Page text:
NC man pleads guilty to Jan. 6-related felony charge of assaulting a DC police officer
A Gaston County man faces up to four years in prison after pleading guilty Friday to a felony charge of swinging a metal pole at a police officer during the Capitol riot.
Grayson Sherrill, 23, of Cherryville, becomes the second Charlotte-area man — and the second from Gaston County — to enter a felony plea tied to the violent attempt by Donald Trump supporters on Jan. 6, 2021, to block the peaceful transfer of presidential power.
In October, Jeremy Bertino, 43, of Belmont, a leader of the Proud Boys, the right-wing militia group that the government says was at the center of the violence, pleaded guilty to seditious conspiracy — the most serious charge handed down to date.
He is expected in the coming weeks to testify during the trial of other leaders of the group and will be sentenced at a later date.
Sherrill was arrested in March 2021, one of three Charlotte-area friends who traveled to Washington two years ago for Trump’s “Stop the Steal” rally in which the former president repeated his unfounded claims of voter fraud and urged his supporters to march to the Capitol to protest his defeat to Joe Biden.
The resulting mob attack has been tied to five deaths. Some 140 police officers were injured while the Capitol suffered millions of dollars in damages.
Sherrill and his two companions, Elias Irizarry of Rock Hill and Elliott Bishai of Fort Mill, were originally charged with misdemeanors.
Bishai, 20 at the time of his arrest, pleaded guilty and was sentenced in July to 14 days imprisonment.
Irizarry, a freshman at The Citadel at the time of the riot, pleaded guilty to a misdemeanor in October and awaits sentencing. After his plea, the military college announced that it had suspended Irizarry for at least a semester.
Court documents show the S.C. pair and Sherrill — among the Carolinas’ youngest Jan. 6 defendants — milling through the Capitol with other rioters, taking photos of each other mugging with statues in the Rotunda. Prosecutors say they were illegally inside the building for some 34 minutes.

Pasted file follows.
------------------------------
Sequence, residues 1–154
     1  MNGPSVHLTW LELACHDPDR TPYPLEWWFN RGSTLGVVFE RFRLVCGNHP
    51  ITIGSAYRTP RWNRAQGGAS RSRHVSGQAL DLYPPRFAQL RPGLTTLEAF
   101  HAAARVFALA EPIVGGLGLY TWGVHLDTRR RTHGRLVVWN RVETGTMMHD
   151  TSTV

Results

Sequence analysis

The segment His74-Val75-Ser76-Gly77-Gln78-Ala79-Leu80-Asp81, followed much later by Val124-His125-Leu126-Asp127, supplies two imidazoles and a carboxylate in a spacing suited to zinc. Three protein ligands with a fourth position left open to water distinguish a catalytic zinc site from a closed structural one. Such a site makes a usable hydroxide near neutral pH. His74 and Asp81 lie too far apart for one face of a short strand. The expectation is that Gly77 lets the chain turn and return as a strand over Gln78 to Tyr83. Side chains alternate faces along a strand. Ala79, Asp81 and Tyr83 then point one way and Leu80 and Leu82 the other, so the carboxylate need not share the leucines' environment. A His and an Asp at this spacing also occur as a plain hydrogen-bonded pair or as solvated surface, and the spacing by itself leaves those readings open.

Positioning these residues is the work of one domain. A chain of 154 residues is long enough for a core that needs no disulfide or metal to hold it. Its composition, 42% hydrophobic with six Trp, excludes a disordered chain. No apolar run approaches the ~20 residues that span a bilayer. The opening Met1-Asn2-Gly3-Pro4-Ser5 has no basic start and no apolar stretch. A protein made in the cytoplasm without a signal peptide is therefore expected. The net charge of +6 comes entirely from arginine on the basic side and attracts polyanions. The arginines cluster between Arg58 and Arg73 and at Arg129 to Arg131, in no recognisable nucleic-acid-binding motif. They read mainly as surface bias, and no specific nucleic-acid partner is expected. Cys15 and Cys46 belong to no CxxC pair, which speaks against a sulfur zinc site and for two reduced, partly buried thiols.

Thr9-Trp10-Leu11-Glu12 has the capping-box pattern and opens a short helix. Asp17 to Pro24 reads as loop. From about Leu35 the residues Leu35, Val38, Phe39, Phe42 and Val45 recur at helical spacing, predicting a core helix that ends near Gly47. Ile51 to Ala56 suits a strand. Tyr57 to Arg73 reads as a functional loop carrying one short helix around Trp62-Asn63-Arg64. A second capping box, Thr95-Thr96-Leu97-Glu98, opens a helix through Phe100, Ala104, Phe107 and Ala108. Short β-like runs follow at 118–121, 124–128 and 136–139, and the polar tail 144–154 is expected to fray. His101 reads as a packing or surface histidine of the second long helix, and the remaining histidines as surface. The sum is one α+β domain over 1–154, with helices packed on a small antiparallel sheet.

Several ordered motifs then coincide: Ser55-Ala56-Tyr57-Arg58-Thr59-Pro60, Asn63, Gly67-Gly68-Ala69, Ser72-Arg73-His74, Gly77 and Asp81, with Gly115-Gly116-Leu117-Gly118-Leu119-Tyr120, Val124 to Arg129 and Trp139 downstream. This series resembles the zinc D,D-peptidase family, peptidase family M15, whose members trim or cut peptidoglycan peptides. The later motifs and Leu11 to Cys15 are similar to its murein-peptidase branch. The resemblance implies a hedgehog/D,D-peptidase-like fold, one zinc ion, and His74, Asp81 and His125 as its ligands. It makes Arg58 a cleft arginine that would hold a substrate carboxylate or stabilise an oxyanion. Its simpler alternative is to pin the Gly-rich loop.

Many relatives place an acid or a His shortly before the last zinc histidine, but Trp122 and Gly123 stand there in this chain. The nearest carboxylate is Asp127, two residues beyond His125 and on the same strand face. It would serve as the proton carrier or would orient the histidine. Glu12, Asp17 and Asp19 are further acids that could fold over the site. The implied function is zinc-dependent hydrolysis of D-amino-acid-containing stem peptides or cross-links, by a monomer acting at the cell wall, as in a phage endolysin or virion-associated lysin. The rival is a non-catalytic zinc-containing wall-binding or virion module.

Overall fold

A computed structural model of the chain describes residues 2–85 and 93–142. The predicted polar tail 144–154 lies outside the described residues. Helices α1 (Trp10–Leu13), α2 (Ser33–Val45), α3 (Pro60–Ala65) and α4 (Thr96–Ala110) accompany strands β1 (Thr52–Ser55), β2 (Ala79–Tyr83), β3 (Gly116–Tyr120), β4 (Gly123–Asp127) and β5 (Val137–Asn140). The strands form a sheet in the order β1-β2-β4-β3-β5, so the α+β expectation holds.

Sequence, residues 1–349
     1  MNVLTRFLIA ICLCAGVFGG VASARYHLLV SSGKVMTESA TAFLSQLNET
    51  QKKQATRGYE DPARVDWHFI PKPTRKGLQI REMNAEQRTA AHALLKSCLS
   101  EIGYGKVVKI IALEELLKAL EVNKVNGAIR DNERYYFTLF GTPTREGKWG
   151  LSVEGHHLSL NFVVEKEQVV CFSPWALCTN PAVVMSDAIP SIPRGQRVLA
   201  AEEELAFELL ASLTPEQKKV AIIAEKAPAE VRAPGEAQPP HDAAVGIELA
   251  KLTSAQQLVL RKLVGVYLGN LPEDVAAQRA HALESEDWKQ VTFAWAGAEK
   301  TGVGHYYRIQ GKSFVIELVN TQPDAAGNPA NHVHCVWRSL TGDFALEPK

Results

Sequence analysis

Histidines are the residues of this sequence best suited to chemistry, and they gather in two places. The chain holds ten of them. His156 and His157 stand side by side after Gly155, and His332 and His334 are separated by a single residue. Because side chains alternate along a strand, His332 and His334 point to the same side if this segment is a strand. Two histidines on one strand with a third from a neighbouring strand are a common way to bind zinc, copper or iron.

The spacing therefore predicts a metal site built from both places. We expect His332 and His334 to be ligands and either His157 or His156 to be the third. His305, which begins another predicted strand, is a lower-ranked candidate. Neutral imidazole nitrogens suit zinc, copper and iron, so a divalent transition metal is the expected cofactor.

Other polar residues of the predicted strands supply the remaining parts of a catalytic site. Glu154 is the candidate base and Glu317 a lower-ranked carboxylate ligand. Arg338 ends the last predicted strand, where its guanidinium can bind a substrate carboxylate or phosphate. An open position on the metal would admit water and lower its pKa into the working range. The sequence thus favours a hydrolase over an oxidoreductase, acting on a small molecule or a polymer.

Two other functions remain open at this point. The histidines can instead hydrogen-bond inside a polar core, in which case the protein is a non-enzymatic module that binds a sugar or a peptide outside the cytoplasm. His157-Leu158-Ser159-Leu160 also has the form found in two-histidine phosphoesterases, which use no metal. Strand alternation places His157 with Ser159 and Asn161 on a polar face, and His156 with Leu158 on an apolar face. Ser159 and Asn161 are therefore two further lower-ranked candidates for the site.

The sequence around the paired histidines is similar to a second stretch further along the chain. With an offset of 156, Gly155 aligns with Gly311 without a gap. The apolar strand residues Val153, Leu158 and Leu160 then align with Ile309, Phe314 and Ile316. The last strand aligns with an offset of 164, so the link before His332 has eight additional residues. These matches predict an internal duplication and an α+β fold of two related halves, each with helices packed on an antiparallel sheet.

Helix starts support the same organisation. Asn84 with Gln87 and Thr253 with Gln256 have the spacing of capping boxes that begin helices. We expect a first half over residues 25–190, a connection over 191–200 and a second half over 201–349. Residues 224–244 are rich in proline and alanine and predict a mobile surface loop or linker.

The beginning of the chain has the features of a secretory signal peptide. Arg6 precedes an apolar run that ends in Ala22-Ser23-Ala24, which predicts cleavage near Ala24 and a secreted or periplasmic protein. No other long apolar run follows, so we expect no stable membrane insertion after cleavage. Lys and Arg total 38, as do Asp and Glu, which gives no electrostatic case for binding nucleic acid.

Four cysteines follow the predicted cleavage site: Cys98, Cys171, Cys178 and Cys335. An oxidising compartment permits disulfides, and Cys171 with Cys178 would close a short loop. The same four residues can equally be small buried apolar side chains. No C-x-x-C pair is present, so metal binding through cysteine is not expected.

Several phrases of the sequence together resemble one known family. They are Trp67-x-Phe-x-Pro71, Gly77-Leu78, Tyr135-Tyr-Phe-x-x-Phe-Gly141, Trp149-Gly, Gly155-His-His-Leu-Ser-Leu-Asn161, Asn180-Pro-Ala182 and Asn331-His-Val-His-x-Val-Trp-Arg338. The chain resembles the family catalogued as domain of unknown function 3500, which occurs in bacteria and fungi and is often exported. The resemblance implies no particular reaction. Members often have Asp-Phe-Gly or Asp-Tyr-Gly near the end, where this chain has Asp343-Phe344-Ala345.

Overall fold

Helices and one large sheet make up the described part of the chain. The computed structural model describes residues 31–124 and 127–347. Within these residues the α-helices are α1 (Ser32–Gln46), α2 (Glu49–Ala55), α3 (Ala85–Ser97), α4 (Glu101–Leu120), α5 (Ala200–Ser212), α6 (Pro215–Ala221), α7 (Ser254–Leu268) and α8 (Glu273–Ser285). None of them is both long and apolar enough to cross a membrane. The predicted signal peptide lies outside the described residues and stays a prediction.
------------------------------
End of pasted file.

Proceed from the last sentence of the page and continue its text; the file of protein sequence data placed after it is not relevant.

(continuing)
Afterward, prosecutors say Sherrill deleted videos he’d shot with his phone at the Capitol.
Unlike his friends, Sherrill’s case continued to evolve. He was turned in to the FBI by family relatives and initially charged with nonviolent misdemeanors. That changed in December 2021 when a new indictment charged Sherrill with two felonies — civil disorder, and assaulting, resisting or impeding a police officer using a deadly or dangerous weapon.
Under a plea agreement Sherrill signed last month, federal prosecutors dropped the civil disorder charge. During Sherrill’s Friday plea hearing, U.S. District Judge Tanya Chutkan told Sherrill that his police-assault conviction carries a maximum eight years in prison and a $250,000 fine.
Prosecutors say Sherrill faces a range of 27 to 46 months. Chutkan, who was appointed to the bench by Barack Obama, will announce the sentence on May 1. She can go above or below the range if she chooses.
Charges involving attacks on police have brought some of the harshest punishments in the sprawling federal investigation — from the 10-year sentence handed down to a retired New York City officer to the 44 months former Fort Bragg soldier James Mault received for firing bear spray at police outside the Capitol.
Mault’s sentence remains the longest yet given to an N.C. defendant in the Jan. 6 riots. At least 35 North Carolinians have been charged. Overall, federal officials have made almost 1,000 arrests.
Photos in Sherrill’s court documents show him and Irizarry walking through the Capitol carrying metal poles that had been broken off of a bicycle barricade outside the building. His indictment says he used it to “forcibly assault, resist, oppose, impede, intimidate and interfere with” a D.C. police officer identified by the initials “D.H.”
Documents are not clear on whether Sherrill struck the officer when he swung the pole at him.
It’s unclear if D.H. is Metropolitan Police Officer Daniel Hodges, who became a worldwide symbol of the violence when video showed him screaming in pain while he was pinned between two Capitol doors during the riot.
Sherrill, who was joined in court by his parents, did not speak during the hearing beyond politely answering Chutkan’s questions about his plea.
Twenty minutes into the routine back-and-forth, Chutkan asked him if he was guilty as charged.
“Yes, your honor,” Sherrill replied.
Chutkan allowed Sherrill, who has no previous criminal record and had abided by the terms of his pretrial release, to return to North Carolina to await his sentencing.
“See you in May. Have a good weekend everyone,” the judge said.